RSAC 2015: RSA Conference (Day 1)

Monday here at the show, as I've written before, is quiet. As far as RSAC is concerned, the only people here really are the vendors and their staff, a few press and analyst types, conference organizers, and the workers putting the expo hall together. I've always thought of this day as the calm before the storm.

RSAC isn't a hacker conference; it's a business conference. It's been around since 1991, and has grown quite a bit since then. Last year, nearly 30,000 people attended, along with more than 350 vendors.

Each year, RSAC has a conference theme (this year's theme is to challenge today's security thinking), but most of the talks and floor discussions center on events that happened over the previous twelve months.

2014 was a rocky year, with nearly a billion records compromised and dozens of security incidents that affected major corporations. 2014 also had a number of hacking techniques introduced.

WhiteHat Security compiled a massive list of techniques that were disclosed / discovered in 2014, and turned to a panel of experts and the security community in order to narrow that list down to ten items.

They've done the same thing every year for the last nine years, and it's a good reminder of the challenges that InfoSec faces on a daily basis.

It isn't surprising that Heartbleed, ShellShock, Poodle, Rosetta Flash, and Misfortune Cookie made the top five. Those bugs and the attacks that resulted from them generated plenty of headlines last year, and many of them are still topical today.

In a statement, Johnathan Kuskos, manager of WhiteHat's Threat Research Center said:

"Our number 1 and 2 spots differ from previous winners in the sense that they are extremely critical, arguably the 'worst of the worst' exploits that could ever occur, and they're terribly easy to exploit. Heartbleed is nigh untraceable, and Shellshock/Bashdoor is probably the easiest Remote Code Execution on a massive scale that's ever occurred as it required no authentication and can also affect most Internet of Things embedded devices."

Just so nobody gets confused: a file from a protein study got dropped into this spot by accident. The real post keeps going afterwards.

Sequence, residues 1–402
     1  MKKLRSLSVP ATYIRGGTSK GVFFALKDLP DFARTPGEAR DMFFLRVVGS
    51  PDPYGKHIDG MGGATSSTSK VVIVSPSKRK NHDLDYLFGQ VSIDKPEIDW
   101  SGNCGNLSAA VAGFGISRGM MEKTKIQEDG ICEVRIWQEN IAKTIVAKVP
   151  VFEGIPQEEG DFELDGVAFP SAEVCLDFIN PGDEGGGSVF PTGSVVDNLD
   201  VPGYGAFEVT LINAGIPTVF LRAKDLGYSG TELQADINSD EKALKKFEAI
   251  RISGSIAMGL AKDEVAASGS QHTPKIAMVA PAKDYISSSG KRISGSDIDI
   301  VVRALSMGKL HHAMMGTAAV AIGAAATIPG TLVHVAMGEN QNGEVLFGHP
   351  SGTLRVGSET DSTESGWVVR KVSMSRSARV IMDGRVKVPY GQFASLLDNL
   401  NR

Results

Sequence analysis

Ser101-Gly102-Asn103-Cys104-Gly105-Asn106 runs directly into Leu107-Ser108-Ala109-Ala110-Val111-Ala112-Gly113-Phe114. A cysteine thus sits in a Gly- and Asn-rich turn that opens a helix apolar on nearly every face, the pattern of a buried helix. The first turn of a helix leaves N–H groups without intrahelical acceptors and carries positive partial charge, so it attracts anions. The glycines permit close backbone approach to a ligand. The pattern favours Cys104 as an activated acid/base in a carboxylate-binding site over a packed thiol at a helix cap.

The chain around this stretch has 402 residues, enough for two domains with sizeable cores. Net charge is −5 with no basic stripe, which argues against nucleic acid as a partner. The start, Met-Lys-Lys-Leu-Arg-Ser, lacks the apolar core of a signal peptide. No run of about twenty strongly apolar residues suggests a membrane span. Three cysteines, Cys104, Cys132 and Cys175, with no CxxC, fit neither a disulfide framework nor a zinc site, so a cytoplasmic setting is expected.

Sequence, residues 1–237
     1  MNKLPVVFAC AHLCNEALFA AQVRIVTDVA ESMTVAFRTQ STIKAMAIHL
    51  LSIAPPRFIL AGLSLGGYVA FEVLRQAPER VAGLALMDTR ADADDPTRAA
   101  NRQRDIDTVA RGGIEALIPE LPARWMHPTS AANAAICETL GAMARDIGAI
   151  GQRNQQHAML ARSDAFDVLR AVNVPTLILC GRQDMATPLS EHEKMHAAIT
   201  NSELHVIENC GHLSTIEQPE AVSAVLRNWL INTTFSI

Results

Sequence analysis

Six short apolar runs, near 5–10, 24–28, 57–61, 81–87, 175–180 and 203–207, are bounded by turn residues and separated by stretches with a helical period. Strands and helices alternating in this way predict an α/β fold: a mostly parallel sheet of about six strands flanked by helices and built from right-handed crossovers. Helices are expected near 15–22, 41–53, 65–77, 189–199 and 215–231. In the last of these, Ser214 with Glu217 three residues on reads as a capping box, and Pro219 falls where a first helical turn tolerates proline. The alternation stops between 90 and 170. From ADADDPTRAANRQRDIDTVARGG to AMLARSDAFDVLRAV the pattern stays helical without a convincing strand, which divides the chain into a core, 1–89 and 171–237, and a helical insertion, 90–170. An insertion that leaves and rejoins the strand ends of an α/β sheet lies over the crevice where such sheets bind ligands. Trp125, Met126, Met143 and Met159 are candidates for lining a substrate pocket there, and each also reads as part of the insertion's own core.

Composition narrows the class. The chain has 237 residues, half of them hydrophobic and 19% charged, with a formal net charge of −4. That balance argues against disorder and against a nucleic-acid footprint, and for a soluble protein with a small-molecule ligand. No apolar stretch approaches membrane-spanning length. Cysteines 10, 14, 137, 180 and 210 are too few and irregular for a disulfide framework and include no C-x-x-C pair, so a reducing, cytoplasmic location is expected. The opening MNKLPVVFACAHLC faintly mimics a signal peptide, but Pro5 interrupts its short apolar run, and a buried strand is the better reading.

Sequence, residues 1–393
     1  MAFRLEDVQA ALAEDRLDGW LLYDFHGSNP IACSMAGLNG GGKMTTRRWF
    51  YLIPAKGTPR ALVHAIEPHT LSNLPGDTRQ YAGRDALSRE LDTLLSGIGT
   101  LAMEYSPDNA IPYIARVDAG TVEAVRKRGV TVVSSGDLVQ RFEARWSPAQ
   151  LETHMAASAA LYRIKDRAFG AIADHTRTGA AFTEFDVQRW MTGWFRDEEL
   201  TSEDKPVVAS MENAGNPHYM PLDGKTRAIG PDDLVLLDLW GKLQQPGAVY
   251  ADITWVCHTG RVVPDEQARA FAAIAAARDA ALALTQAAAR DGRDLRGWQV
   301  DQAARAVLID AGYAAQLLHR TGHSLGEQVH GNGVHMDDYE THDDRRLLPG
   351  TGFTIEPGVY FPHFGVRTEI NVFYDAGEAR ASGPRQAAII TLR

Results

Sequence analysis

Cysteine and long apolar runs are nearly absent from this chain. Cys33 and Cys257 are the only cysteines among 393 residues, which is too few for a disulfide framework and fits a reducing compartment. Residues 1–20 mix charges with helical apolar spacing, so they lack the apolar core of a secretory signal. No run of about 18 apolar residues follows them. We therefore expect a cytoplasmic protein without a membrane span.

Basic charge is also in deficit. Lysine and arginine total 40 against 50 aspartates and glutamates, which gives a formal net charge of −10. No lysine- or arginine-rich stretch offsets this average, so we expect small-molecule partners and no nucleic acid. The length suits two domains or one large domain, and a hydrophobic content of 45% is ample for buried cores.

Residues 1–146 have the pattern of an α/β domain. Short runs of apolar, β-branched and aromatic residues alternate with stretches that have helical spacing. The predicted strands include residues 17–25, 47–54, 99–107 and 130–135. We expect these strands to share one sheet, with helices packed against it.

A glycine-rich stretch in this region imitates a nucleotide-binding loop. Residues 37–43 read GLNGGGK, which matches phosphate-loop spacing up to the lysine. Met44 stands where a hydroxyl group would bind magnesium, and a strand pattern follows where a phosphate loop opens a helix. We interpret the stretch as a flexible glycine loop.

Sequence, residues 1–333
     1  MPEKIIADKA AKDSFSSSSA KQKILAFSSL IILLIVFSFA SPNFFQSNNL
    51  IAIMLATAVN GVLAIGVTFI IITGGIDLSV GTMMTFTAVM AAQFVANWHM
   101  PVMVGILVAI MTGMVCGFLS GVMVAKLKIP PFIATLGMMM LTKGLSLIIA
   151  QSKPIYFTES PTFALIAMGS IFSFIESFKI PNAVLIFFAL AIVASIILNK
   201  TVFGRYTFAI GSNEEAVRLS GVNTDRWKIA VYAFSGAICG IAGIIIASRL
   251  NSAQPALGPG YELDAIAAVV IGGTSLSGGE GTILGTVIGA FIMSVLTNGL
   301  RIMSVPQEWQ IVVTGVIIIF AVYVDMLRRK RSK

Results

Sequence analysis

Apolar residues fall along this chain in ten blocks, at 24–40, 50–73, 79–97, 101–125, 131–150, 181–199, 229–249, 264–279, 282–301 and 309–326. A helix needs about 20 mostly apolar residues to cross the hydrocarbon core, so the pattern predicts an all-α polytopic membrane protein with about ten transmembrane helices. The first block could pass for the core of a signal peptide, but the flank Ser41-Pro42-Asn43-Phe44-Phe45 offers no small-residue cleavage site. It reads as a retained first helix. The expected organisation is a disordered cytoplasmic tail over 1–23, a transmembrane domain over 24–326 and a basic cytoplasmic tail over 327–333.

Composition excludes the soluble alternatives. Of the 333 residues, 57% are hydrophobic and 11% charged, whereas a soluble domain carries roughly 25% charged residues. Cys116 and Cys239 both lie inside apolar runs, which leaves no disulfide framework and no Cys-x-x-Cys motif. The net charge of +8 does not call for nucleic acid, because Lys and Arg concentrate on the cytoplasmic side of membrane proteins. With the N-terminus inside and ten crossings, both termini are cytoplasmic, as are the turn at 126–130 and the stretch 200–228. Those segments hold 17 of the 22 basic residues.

Matt Johansen, the Threat Research Center's Sr. Manager, added:

"One of my favorites on the list which I'm glad made the cut to the Top 10 is Rosetta Flash. This tool, put out by Michele Spagnuolo, would create fake Adobe Flash (SWF) files which could force a website to perform arbitrary requests if uploaded under certain conditions. Many popular websites were vulnerable to this attack when it first came out and it certainly scrambled some people."

The Top 10 for 2014 is as follows:

On Friday, both Johansen and Kuskos will present a talk on the Top 10 list at 0900 in Mascone West Room 3022.

Rapid7 changes Metasploit licensing requirements:

On the topic of hacking techniques, Rapid7 has had to make some changes due to newly altered laws here in the U.S. As of yesterday (Sunday, April 19), anyone outside of the outside of the U.S. and Canada wanting to use Metasploit Pro or Metasploit Community Edition will now be required to request a license and provide additional information "regarding themselves or their organization designation."

It's important to note that this change in no way impacts the Metasploit Framework, only the Community and Pro editions are affected. Moreover, existing users of the Pro and Community editions are exempt from the licensing rules.

As to why these changes are occurring, the company said:

"Rapid7's Metasploit products use encryption and, like other products that use such technologies, are subject to US export requirements. In addition, Metasploit and other intrusion software products are encountering increasing US and international regulatory review and restrictions. In compliance with these regulations, we need to change the process by which free and trial versions of Metasploit Pro and Community editions are obtained."

Most everyone who applies for a license for a free Pro or Community edition will get their key, but the process will now take longer than has in the past.

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